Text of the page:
Hungary's prime minister wants to build a new wall along parts of his country's frontier with Croatia. Hungary has already erected a razor-wire fence along its Serbian border to block migrants trying to enter the EU.
Hungarian Prime Minister Viktor Orban said more barriers were needed because people smugglers prevented from crossing the now-blocked Serbian border would simply take a different path to bring migrants into the European Union.
"Since they can no longer pass through Hungary, they will change route and go through Romania, probably," he said in an interview published Thursday by Germany's "Die Welt" and France's "Le Figaro."
"That's why we also decided to build a fence at the Romanian border, along the Mures River. And we will probably build another along the Croatian border. We are following their trail," he added.
Hungary completed a controversial barbed-wire fence on its border with Serbia on Tuesday in a bid to keep new arrivals out. It also implemented tough new immigration laws, which carry three-year jail sentences for anyone entering the country illegally.
"The fact is the migrants keep coming. We managed to stop them at the Hungarian border, but this did not stop the influx itself," Orban said in the interview.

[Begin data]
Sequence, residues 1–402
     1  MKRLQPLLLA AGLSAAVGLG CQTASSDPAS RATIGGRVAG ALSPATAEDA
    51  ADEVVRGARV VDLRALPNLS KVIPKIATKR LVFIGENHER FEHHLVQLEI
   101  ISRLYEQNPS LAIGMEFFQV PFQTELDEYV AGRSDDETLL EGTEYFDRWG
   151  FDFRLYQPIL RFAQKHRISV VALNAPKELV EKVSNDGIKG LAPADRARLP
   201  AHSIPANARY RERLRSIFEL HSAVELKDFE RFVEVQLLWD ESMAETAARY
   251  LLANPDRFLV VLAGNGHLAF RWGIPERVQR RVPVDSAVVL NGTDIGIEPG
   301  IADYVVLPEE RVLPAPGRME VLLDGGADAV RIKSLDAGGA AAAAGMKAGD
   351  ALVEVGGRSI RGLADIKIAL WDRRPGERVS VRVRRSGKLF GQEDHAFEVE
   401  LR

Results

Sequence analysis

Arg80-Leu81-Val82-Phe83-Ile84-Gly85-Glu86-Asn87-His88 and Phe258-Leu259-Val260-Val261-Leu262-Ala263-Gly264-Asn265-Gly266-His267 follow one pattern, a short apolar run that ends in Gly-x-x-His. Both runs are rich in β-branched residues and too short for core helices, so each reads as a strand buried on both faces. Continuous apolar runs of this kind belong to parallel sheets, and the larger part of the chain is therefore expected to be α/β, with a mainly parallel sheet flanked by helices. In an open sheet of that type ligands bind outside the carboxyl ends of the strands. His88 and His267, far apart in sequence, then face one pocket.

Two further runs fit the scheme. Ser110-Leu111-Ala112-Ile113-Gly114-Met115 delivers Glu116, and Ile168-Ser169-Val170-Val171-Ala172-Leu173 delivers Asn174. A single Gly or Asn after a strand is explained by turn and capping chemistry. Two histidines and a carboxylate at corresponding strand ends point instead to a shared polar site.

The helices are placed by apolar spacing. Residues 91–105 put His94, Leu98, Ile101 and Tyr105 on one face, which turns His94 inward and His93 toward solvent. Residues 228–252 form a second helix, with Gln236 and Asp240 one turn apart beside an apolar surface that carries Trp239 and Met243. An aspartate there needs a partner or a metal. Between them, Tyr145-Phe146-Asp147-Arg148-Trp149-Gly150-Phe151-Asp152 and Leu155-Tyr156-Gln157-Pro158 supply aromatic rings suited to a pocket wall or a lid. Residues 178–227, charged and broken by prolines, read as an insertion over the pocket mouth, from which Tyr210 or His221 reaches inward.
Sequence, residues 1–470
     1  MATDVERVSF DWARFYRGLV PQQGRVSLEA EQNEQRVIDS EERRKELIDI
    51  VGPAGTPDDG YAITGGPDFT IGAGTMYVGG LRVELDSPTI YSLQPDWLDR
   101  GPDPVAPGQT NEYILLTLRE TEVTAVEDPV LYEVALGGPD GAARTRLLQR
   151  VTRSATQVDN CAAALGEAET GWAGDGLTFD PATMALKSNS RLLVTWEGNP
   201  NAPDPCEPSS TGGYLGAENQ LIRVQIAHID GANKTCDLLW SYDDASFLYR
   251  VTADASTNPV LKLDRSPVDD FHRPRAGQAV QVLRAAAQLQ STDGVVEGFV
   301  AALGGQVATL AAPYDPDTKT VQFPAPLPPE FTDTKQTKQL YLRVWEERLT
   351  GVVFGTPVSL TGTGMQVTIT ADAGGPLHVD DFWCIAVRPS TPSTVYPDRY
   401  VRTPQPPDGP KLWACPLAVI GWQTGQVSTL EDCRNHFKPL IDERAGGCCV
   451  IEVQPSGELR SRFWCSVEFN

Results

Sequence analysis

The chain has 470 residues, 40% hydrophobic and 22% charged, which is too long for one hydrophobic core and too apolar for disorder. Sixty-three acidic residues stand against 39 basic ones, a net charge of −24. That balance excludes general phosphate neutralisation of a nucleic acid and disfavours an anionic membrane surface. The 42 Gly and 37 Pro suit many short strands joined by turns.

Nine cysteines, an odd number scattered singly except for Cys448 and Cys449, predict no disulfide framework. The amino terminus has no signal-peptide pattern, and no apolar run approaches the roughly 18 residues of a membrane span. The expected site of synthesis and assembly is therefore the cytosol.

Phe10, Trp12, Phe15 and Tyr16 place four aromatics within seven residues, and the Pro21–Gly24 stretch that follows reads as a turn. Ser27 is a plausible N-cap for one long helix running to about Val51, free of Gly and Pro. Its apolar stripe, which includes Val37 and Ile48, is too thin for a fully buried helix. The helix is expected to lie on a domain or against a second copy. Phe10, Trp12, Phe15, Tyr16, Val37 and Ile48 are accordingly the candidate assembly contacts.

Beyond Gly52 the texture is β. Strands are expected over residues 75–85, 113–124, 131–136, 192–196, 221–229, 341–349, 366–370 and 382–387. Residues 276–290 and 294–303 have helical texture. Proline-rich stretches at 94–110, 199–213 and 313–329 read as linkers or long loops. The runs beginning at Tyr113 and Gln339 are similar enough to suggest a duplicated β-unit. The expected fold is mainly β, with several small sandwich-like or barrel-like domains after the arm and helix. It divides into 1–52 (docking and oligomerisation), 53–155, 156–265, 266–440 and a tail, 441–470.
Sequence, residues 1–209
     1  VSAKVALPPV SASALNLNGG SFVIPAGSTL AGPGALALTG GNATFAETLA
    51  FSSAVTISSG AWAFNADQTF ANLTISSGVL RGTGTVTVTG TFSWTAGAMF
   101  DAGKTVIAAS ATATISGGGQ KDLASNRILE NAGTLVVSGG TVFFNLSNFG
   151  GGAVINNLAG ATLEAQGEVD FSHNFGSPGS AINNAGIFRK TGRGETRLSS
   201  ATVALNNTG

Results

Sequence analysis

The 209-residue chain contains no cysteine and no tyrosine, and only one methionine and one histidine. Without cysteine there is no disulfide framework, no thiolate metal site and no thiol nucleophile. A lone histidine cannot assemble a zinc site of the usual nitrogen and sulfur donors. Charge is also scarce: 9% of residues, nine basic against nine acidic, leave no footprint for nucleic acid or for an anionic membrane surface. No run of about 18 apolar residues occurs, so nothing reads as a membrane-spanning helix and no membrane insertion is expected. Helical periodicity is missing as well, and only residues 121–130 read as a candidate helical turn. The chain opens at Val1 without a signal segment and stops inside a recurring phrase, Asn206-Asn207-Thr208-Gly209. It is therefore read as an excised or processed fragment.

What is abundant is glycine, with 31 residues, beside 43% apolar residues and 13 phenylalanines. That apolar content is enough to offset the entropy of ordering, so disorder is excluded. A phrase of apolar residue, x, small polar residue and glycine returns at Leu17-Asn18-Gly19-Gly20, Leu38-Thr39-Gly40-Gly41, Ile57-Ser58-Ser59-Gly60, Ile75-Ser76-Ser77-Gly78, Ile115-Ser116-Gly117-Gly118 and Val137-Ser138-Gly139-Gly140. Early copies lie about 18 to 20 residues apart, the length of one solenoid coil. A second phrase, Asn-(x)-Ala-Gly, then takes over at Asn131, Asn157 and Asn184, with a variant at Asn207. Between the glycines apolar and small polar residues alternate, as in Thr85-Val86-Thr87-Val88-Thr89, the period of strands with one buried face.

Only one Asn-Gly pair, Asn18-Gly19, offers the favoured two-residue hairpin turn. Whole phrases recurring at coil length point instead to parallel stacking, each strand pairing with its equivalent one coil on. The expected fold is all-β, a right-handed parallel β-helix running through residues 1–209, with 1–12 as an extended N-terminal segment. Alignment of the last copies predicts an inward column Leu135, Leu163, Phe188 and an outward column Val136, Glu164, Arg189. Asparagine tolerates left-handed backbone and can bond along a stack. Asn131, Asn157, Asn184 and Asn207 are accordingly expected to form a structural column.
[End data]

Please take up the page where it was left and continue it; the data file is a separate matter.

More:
Serbia's border with Hungary has until this week been a main EU entry point for migrants fleeing conflict in the Middle East and Africa. More than 200,000 have entered the country this year.
With Serbia's border with Hungary effectively blocked off, many refugees have now opted for a more arduous journey through Croatia in a bid to reach Germany and other western European countries. The Croatian government has pledged to allow asylum seekers free passage through its borders. Croatian television reported that around 4,000 migrants had entered the country in the past 24 hours.
Violence at the border
Meanwhile, clashes broke out Wednesday between refugees and riot police at the Serbian-Hungarian border, drawing international condemnation. Some migrants desperate to cross into the country hurled stones, while officers responded with tear gas and water cannons. At least two people were injured and dozens of others needed medical attention.
United Nations Secretary-General Ban Ki-moon expressed his "shock" at the violence, saying the behavior of the Hungarian police was unacceptable. He reminded the global community that "people facing barrel bombs and brutality in their country will continue to seek life in another."
Serbia lodged a formal protest with Hungary over the use of tear gas on its territory, and Prime Minister Aleksander Vucic decried the "brutal" police behavior.
"I call on the European Union to react, for its members to behave in line with European values," Vucic told Serbian state media.
Hungarian authorities defended the measures, saying "we will employ all legal means to protect Hungary's border's security." They said they had arrested more than 500 migrants who tried to cross the border illegally, including a "terrorist."
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nm/jil (AFP, AP, Reuters)